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Bondage of debt

In October 1929, the collapse of the U.S. stock market set in motion a national and worldwide economic downturn so severe that it came to be called the Great Depression.

The Great Depression was the longest, most widespread and deepest depression of the 20th century. Unemployment in the United States rose to 25 percent; in some countries it was as high as 33 percent. Construction virtually halted and crop prices fell by more than 30 percent.

One of the lasting messages of the Great Depression is that finances aren't always stable. A lesson many have learned since is that people pay a high price when they live beyond their means, thinking money will always be available to them.

But as a society, have we learned these lessons?

Today, 609.8 million credit cards are held by U.S. consumers, according to the January 2010 "Survey of Consumer Payment Choice," by the Federal Reserve Bank of Boston.

In addition, the total U.S. revolving debt — 98 percent of which is made up of credit card debt — was $796.1 billion as of March 2011 (Federal Reserve's report on consumer credit).

Since the early days of the Church, the Lord's prophets have repeatedly warned against the bondage of debt. One of the great dangers of debt is the interest that accompanies it.

"Once in debt, interest is your companion every minute of the day and night; you cannot shun it or slip away from it; you cannot dismiss it; it yields neither to entreaties, demands, or orders; and whenever you get in its way or cross its course or fail to meet its demands, it crushes you," said President J. Reuben Clark Jr. in the April 1938 General Conference.

In Doctrine and Covenants 19:35 the Lord warned Martin Harris against the dangers of debt.

"Pay the debt thou hast contracted with the printer," Martin Harris was told. "Release thyself from bondage."

Our prophet has repeated the Lord's warning to us today, calling debt an "oppressive burden."

"Perhaps no counsel has been repeated more often than how to manage wisely our income," said President Thomas S. Monson. "Consumer debt in some nations of the world is at staggering levels. Too many in the Church have failed to avoid unnecessary debt. They have little, if any, financial reserve. The solution is to budget, to live within our means, and to save some for the future" ("Guiding Principles of Personal and Family Welfare," September 1986).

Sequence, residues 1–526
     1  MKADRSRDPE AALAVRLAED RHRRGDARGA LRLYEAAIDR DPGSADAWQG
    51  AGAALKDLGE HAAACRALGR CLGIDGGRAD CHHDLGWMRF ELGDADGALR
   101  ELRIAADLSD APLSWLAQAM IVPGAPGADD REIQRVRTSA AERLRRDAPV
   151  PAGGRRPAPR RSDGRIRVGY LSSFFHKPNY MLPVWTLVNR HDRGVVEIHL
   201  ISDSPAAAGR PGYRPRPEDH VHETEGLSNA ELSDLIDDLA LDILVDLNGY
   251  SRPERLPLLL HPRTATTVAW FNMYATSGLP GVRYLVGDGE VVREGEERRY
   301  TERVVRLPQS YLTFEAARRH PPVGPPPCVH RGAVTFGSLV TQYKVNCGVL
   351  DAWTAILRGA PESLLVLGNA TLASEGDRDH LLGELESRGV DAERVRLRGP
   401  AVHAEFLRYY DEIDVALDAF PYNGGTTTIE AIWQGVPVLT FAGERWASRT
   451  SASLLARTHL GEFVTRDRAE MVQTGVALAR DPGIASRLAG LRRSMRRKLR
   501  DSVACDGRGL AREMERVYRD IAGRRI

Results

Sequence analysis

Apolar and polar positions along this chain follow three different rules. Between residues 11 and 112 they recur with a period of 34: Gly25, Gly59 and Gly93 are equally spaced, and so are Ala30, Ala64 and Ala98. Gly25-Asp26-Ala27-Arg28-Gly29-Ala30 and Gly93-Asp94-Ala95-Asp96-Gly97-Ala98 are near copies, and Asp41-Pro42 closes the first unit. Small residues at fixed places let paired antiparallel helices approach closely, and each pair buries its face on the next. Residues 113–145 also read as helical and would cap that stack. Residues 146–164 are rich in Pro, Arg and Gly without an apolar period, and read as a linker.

Latter-day Saints can look to the example of the financial management of the Church as an example of how they should financially manage their households.

First, the Church does not borrow money. Second, the Church saves a portion of what it receives.

President Gordon B. Hinckley explained in his April 1991 conference address that "in the financial operations of the Church, we have observed two basic and fixed principles: One, the Church will live within its means. It will not spend more than it receives. Two, a fixed percentage of the income will be set aside to build reserves against what might be called a possible 'rainy day.'

"For years the Church has taught its membership the principle of setting aside a reserve of food, as well as money, to take care of emergency needs that might arise. We are only trying to follow the same principle for the Church as a whole."

President Heber J. Grant promised members that living this principle will bring peace to their homes and families. "If there is any one thing that will bring peace and contentment into the human heart, and into the family, it is to live within our means. And if there is any one thing that is grinding and discouraging and disheartening, it is to have debts and obligations that one cannot meet" (Gospel Standards, p. 111).

It was at the height of the Great Depression 75 years ago, on April 6, 1936, that the Church launched its Welfare Program. In the decades since, that program has brought relief to those in need in more than 175 countries around the world.

In a Church News interview earlier this year, President Monson said "the purpose of Church welfare assistance is to help people to help themselves."

One of the most important things we can do to help ourselves is to avoid unnecessary debt and repay the debt we have.

For as the Lord promised Martin Harris, this will "release [us] from bondage."

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